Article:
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Both Sides of a Theme – Hockey Night in Canada

June 8, 2008
  In Canada, most everyone shares a love of hockey.  Even our friends to the south know that we are a hockey nation.  It is part of the Canadian identity.
  Canada has a public broadcast corporation called the CBC.  The CBC television station has a huge history of covering hockey games for longer then most Canadians can remember.  On weekends they have a program called "Hockey Night in Canada" it has been a part of Canadian television for more then 50 years, and before that on the radio since 1933.  I remember when I was young, my parents would be doing the ironing and watch hockey, cheering on the players or yelling at them to do better.  I watched for the cartoons of Peter Puck teaching the rules of the game during the period breaks.   
  Hockey Night in Canada has had a theme song for over 30 years by the same name.  It was composed by Vancouverite Dolores Claman in 1968, and is one of the longest running theme songs in broadcast history.  Some people call the Hockey Night in Canada Theme song the second national anthem.
  Wayne Gretzky once said it is the greatest song in Canada.  Wayne and a song clip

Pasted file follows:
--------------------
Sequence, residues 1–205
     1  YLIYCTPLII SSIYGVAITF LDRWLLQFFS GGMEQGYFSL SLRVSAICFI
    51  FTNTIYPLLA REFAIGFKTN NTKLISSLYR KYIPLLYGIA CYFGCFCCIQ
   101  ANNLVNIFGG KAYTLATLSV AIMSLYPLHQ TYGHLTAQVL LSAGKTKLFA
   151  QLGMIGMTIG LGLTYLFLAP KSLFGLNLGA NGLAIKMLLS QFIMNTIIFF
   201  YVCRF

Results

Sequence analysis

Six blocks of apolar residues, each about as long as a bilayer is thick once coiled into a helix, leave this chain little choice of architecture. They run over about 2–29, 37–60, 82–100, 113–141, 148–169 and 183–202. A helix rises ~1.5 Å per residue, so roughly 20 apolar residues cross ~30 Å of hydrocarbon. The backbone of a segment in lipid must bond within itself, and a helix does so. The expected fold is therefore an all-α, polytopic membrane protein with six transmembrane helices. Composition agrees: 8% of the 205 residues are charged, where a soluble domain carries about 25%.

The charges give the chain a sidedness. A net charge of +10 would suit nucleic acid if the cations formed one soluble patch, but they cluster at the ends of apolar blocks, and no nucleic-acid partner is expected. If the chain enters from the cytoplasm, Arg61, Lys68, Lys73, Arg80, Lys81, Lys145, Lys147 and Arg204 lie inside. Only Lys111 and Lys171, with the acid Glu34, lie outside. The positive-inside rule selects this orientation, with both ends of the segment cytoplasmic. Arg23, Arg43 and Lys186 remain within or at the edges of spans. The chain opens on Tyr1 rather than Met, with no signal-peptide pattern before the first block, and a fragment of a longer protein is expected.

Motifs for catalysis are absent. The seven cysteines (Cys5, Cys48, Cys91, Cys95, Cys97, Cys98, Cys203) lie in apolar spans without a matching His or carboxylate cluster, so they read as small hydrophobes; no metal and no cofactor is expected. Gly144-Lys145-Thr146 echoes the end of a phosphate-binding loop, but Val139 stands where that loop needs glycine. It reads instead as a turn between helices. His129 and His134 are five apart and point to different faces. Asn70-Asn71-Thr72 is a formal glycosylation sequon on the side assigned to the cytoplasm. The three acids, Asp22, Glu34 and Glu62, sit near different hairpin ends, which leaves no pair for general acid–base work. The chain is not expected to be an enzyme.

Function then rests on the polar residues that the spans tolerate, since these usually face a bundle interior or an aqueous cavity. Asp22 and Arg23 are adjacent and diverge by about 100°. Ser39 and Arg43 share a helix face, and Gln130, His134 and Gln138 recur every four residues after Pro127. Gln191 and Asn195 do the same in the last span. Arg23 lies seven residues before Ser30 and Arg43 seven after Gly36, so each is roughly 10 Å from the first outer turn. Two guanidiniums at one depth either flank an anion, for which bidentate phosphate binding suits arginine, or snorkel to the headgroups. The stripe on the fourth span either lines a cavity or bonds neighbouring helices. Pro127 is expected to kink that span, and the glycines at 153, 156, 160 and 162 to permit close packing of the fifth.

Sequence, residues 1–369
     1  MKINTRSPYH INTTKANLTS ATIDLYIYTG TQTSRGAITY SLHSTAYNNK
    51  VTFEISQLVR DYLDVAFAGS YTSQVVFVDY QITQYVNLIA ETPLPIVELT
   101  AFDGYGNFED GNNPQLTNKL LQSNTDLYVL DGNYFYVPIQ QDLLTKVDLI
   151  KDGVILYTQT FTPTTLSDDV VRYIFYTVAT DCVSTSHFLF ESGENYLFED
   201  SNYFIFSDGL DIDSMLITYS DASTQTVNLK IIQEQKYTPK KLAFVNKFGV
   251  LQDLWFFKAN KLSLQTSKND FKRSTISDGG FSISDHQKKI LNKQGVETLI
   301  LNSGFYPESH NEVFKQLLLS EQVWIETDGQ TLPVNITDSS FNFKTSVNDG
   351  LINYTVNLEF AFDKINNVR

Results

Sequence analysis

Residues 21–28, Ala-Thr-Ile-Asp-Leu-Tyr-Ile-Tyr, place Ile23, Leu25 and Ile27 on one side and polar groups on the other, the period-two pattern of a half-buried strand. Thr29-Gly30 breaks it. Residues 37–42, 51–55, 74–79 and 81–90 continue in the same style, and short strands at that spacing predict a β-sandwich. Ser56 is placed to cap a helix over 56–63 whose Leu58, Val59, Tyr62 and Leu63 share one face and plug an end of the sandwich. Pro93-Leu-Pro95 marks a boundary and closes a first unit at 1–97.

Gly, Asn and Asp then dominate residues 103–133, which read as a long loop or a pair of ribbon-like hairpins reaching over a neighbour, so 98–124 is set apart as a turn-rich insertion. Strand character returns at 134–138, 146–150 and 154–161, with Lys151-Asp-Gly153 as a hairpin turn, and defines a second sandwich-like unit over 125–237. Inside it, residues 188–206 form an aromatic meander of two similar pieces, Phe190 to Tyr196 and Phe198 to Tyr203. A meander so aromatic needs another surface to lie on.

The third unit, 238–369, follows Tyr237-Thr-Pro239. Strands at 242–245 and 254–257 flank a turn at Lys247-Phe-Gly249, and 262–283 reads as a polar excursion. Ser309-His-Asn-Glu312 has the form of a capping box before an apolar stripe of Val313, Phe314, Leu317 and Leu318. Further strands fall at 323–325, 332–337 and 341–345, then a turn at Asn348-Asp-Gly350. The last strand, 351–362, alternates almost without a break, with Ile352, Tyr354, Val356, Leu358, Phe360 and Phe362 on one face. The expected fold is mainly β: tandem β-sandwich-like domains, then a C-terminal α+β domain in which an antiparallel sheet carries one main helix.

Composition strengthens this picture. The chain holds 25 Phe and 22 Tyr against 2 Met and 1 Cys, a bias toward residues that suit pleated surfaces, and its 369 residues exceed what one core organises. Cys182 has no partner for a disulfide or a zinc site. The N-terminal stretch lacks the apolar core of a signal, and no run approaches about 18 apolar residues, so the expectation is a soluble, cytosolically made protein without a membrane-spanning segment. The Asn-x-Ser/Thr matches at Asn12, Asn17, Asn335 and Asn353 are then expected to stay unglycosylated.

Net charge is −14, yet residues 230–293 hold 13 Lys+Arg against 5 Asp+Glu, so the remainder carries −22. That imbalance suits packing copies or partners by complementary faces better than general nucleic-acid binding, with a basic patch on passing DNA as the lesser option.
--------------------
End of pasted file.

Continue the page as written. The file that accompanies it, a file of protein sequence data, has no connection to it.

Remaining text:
Recently, CBC has been in negotiation with the owner through her agent for the price on the use of the song, as well as settling a lawsuit on how often it is used, but the negotiations have failed.  CBC has announced that it is starting a national contest to find a new theme song.  They are asking Canadians to write and record an original theme song, and the winner which will be selected by a jury of fans and experts, will receive $100,000 and the royalties will go to minor hockey.
  Dolores Claman states: "I am saddened by the decision of the CBC to drop the Hockey Night in Canada Theme after our lengthy history together. I nevertheless respect its right to move in a new direction."

   Announcement from Music & Visuals

  A furthur statement from Delores, according to the agent, will be made on Monday, June 9th.  After that, it is said that Canadians will be experiencing a period of mourning for the loss of a song that means so much to our identity.  So be kind to your fellow Canadian, give him a hug over a mug of Tim Horton’s coffee, and lets all hum together, "dum de dum de dum…".




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